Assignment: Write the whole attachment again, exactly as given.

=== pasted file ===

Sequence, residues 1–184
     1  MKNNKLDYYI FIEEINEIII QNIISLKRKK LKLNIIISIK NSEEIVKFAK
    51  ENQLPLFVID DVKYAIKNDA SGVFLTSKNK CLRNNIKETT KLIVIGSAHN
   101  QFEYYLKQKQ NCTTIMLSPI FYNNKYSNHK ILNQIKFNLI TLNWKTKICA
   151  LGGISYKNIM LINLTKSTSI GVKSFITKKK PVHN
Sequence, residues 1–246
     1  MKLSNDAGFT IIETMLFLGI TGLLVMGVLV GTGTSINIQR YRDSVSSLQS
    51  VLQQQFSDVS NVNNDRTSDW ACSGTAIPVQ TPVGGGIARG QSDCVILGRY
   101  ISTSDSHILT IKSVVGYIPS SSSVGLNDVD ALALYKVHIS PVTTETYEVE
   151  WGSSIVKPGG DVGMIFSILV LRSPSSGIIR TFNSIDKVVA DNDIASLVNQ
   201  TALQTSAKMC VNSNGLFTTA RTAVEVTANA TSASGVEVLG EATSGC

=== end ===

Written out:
Sequence, residues 1–184
     1  MKNNKLDYYI FIEEINEIII QNIISLKRKK LKLNIIISIK NSEEIVKFAK
    51  ENQLPLFVID DVKYAIKNDA SGVFLTSKNK CLRNNIKETT KLIVIGSAHN
   101  QFEYYLKQKQ NCTTIMLSPI FYNNKYSNHK ILNQIKFNLI TLNWKTKICA
   151  LGGISYKNIM LINLTKSTSI GVKSFITKKK PVHN
Sequence, residues 1–246
     1  MKLSNDAGFT IIETMLFLGI TGLLVMGVLV GTGTSINIQR YRDSVSSLQS
    51  VLQQQFSDVS NVNNDRTSDW ACSGTAIPVQ TPVGGGIARG QSDCVILGRY
   101  ISTSDSHILT IKSVVGYIPS SSSVGLNDVD ALALYKVHIS PVTTETYEVE
   151  WGSSIVKPGG DVGMIFSILV LRSPSSGIIR TFNSIDKVVA DNDIASLVNQ
   201  TALQTSAKMC VNSNGLFTTA RTAVEVTANA TSASGVEVLG EATSGC